Regina lived with my family for many years, as her husband was a porter with the railroad and spent most of his time traveling the rails, away from home. She attended to my three siblings, who preceded me, a role that my parents were so grateful for that by the time I came around they named me Reginald, after her, and also named her as my godmother. Regina cared for me, she dressed and fed me, and she loved me in a way that blurred the line between caregiver and mother. I loved her in return with the devotion and intensity of a dependant child. I have more vivid memories of her as a very young child than I do of my own mother.
Regina left my parents' employment when I was five years old, when my father took a job in Washington, D.C., and we moved away. Her husband received a modest stipend from the railroad and they retired to a small house in the country. My family’s contact with Regina became increasingly irregular and ultimately was limited to the exchange of Christmas cards, before trailing off altogether. Years later I unsuccessfully tried to find her, or to find what became of her.
Over time I learned that the source of my name was rather unusual in the circles I found myself, and I regret to say that I became increasingly ambivalent of having been named after a domestic, instead of someone more expected, such as an ancestor. Up into my teens people would ask me how it was I was named Reginald, which was such an odd name in the United States at the time, and I would mumble that it was a “family” name or similar, embarrassed that I had in fact been named after a servant employed by my family, no matter how well loved. How often I wished that I had been named instead a normal name such as “Chris” or “Mark” or “John,” and after an uncle or a forebearer. But no, “Reginald” or “Reggie” was the name I bore. In addition it was particularly irksome that the only other Reggie I and my little friends knew of at the time was the black-haired nemesis of the comic book character Archie.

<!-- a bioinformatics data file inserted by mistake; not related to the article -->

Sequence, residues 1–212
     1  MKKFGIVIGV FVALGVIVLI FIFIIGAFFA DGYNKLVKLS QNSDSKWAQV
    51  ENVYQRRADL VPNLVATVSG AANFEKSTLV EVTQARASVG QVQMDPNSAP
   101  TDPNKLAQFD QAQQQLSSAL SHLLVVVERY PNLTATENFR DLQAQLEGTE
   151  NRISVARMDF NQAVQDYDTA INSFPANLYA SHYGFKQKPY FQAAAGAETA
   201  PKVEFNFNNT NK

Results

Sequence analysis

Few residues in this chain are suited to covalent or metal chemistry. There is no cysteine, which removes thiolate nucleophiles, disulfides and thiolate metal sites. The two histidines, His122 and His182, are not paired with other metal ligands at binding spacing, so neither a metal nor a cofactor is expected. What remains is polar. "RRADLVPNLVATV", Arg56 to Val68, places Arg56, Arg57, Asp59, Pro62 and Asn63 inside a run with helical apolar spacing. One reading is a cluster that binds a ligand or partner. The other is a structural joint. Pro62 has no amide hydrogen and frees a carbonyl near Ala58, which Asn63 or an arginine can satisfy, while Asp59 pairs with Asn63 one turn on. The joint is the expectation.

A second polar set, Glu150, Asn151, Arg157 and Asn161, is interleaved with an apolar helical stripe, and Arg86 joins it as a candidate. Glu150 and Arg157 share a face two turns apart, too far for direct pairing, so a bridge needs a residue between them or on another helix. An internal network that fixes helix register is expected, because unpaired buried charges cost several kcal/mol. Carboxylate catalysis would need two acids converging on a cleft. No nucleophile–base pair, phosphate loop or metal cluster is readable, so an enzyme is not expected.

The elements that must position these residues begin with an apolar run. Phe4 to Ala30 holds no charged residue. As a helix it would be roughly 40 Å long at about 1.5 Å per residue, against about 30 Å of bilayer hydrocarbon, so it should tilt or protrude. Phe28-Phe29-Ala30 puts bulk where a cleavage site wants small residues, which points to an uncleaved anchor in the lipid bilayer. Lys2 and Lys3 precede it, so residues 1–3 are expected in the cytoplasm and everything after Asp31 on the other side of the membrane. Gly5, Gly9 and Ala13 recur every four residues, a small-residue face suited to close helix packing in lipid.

Once I entered my twenties, though, I came to appreciate that Reginald was a rather interesting name, and that to have been named after the woman who loved me as Regina did was something worthy of being proud of. When asked I began, at first somewhat tentatively, to tell people the story of how I came to be named Reginald. Over time I started to volunteer such information, unprompted, as a matter of pride and also because it’s not your typical story.
Almost everyone I tell these days how I came to be named Reginald responds favorably--often after a slight double take--with many saying it was swell (or something to that effect) that my parents were so “modern” to have chosen to name me after Regina when they did. I think it was swell, too.
Here's to you, Regina.
Photos courtesy of the Detroit Free Press